Technology Adoption and Public Good Provision: Evidence from Hillside Irrigation in Rwanda
Last registered on June 08, 2016

Pre-Trial

Trial Information
General Information
Title
Technology Adoption and Public Good Provision: Evidence from Hillside Irrigation in Rwanda
RCT ID
AEARCTR-0001323
Initial registration date
June 08, 2016
Last updated
June 08, 2016 11:10 AM EDT
Location(s)
Region
Region
Primary Investigator
Affiliation
The World Bank
Other Primary Investigator(s)
PI Affiliation
UC Berkeley
PI Affiliation
The World Bank
PI Affiliation
UC Berkeley
PI Affiliation
MINAGRI/SPIU/SOAS
Additional Trial Information
Status
On going
Start date
2015-08-10
End date
2018-09-14
Secondary IDs
Abstract
Irrigation investments have enormous potential to improve the lives of smallholder farmers who otherwise depend on rain-fed agriculture, through increasing yields, adding additional cultivating seasons, and reducing risk. Realizing these benefits often requires smallholders to simultaneously coordinate operations and maintenance (O&M) of the irrigation infrastructure and shift agricultural technologies. As a result, many of these investments are wasted due either to public goods market failures or limited adoption of new agricultural techniques. We simultaneously experimentally vary governance structures, access to complementary agricultural technologies, and the rollout of taxes on usage of the system within hillside irrigation schemes in Rwanda to test these hypothesized barriers to efficiency. Moreover, we exploit both a spatial discontinuity in the boundary of the schemes to evaluate the overall impact of access to irrigation. Lastly, we use variation in the nature of spillovers from both coordinating O&M and technology adoption driven by the size and composition of water user groups and the location of smallholder plots within each water user group to identify model driven effect heterogeneity.
External Link(s)
Registration Citation
Citation
Byiringiro, Esdras et al. 2016. "Technology Adoption and Public Good Provision: Evidence from Hillside Irrigation in Rwanda." AEA RCT Registry. June 08. https://www.socialscienceregistry.org/trials/1323/history/8682
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Experimental Details
Interventions
Intervention(s)
Intervention Start Date
2016-05-16
Intervention End Date
2017-03-01
Primary Outcomes
Primary Outcomes (end points)
Farmer welfare (yields, profits, labor use, land rentals, migration, and education), adoption of high value crops, O&M (access to irrigation).
Primary Outcomes (explanation)
Secondary Outcomes
Secondary Outcomes (end points)
Secondary Outcomes (explanation)
Experimental Design
Experimental Design
O&M: Randomization at water user group (WUG) level. WUG monitor randomized. Irrigation/operator working for the government (status quo) with probability 2/5, monitor appointed by the WUG with probability 3/10, monitor appointed by the WUG with reservation for farmer who cultivates high on the secondary pipe with probability 3/10. Stratified by size-irrigation site. 10 WUG per strata.
Minikits: Minikits randomized at farmer level in saturation design across WUG. Minikits cross randomized with O&M. No minikits with probability 1/2, 10% of farmers receive minikits with probability 1/6, 30% of farmers receive minikits with probability 1/6, 70% of farmers receive minikits with probability 1/6. Within WUG minikits randomly distributed.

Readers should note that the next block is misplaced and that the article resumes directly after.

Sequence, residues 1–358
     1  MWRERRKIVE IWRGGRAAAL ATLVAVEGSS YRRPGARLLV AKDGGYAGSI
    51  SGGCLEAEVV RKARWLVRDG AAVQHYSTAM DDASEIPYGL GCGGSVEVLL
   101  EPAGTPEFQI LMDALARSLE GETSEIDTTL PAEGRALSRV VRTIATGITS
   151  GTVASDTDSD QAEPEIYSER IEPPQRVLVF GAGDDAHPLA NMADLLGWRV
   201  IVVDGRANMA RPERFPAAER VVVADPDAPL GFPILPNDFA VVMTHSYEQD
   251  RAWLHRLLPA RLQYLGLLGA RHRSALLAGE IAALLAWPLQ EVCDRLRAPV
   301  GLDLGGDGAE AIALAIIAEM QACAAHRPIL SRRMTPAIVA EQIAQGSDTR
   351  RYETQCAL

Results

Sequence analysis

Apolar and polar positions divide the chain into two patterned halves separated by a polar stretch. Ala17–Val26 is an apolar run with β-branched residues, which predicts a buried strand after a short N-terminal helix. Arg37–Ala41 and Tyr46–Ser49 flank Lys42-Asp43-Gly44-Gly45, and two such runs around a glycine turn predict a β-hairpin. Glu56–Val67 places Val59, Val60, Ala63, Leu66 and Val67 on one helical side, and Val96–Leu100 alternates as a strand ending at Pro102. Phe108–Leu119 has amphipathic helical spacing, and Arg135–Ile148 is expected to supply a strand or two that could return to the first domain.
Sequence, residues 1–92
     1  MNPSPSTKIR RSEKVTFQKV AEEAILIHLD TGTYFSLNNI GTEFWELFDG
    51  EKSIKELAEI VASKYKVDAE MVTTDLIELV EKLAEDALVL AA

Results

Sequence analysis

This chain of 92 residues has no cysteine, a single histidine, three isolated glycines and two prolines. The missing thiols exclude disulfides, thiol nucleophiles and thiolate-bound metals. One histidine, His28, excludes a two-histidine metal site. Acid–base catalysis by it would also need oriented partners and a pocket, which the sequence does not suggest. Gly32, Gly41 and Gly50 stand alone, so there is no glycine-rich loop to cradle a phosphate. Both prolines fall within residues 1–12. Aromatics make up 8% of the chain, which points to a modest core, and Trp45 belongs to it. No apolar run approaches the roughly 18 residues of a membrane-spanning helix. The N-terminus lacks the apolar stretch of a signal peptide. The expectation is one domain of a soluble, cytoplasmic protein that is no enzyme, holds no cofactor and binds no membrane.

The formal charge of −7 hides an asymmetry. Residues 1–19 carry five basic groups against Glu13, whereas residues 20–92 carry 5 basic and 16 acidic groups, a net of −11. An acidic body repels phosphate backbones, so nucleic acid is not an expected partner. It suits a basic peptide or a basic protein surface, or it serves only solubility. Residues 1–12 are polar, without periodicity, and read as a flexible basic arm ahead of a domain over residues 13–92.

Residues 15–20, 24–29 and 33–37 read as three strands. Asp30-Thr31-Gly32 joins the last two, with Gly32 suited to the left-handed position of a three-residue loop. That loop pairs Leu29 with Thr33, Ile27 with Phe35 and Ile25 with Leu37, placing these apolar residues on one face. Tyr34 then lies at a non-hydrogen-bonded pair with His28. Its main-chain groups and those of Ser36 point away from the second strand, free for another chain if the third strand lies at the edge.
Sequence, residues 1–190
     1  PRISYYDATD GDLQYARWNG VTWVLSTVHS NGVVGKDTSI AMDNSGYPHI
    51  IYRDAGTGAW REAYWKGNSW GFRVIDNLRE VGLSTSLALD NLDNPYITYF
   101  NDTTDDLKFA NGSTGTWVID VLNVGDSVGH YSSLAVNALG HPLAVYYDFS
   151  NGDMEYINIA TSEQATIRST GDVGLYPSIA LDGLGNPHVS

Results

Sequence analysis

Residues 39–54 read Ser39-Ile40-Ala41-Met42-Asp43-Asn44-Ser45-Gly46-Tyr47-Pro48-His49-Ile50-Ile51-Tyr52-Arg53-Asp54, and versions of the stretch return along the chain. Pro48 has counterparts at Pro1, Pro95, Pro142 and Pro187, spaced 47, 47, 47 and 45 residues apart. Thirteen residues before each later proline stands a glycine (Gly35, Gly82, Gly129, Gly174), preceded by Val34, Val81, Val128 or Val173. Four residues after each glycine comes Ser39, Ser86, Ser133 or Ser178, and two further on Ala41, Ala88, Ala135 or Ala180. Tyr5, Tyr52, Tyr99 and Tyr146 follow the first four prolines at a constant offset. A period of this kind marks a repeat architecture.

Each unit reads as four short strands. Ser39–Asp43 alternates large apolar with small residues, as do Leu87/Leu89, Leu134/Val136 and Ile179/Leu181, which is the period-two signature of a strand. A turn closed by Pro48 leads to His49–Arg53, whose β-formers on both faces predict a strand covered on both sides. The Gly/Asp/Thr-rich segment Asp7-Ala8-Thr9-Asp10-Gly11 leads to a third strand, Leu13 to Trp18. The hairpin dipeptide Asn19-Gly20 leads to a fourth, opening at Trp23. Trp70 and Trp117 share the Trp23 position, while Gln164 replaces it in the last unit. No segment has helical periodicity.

Fees: Fee subsidies randomized at farmer level. Farmers receive no subsidy with probability 2/5. Farmers receive a 50% subsidy in Season C 2016 with probability 1/5. Farmers receive a 100% subsidy in Season C 2016 with probability 1/5. Farmers receive a 100% subsidy in Season C 2016 and Season A 2017 with probability 1/5.
OI: Farmers with plots inside the irrigation scheme are compared to farmers with plots outside the irrigation scheme, conditional on the plots being within 100m (50m) of spatially discontinuous boundary of irrigation scheme.
Experimental Design Details
Randomization Method
Randomization done in office by a computer.
Randomization Unit
O&M and minikit saturation are randomized at the water user group (WUG) level. Minikit provision conditional on saturation is randomized at the household level within WUG. Fee subsidy is randomized at the household level.
Was the treatment clustered?
Yes
Experiment Characteristics
Sample size: planned number of clusters
210 water user groups
Sample size: planned number of observations
1695 farmers
Sample size (or number of clusters) by treatment arms
O&M: 84/63/63 water user groups (WUG) in government worker as monitor/WUG appointed farmer as monitor/WUG appointed farmer as monitor with reservation for farmer near top of secondary pipe, respectively.
Minikit: 105/35/35/35 water user groups (WUG) in 0% saturation/10% saturation/30% saturation/70% saturation. 1384/311 farmers don't receive/receive minikits.
Fee: 678/339/339/339 farmers receive no subsidy/50% 2016 Season C subsidy/100% 2016 Season C subsidy/100% 2016 Season C subsidy and 100% 2017 Season A subsidy.
OI: 666/766 (331/359) plots within 100m (50m) of discontinuity inside irrigation scheme/outside irrigation scheme.
Minimum detectable effect size for main outcomes (accounting for sample design and clustering)
IRB
INSTITUTIONAL REVIEW BOARDS (IRBs)
IRB Name
National Institute of Statistics of Rwanda
IRB Approval Date
2015-07-13
IRB Approval Number
0462
IRB Name
Republic of Rwanda, National Ethics Committee (RNEC)
IRB Approval Date
2015-08-06
IRB Approval Number
00001497
IRB Name
INNOVATIONS FOR POVERTY ACTION IRB – USA
IRB Approval Date
2015-07-27
IRB Approval Number
10951
Post-Trial
Post Trial Information
Study Withdrawal
Intervention
Is the intervention completed?
No
Is data collection complete?
Data Publication
Data Publication
Is public data available?
No
Program Files
Program Files
Reports and Papers
Preliminary Reports
Relevant Papers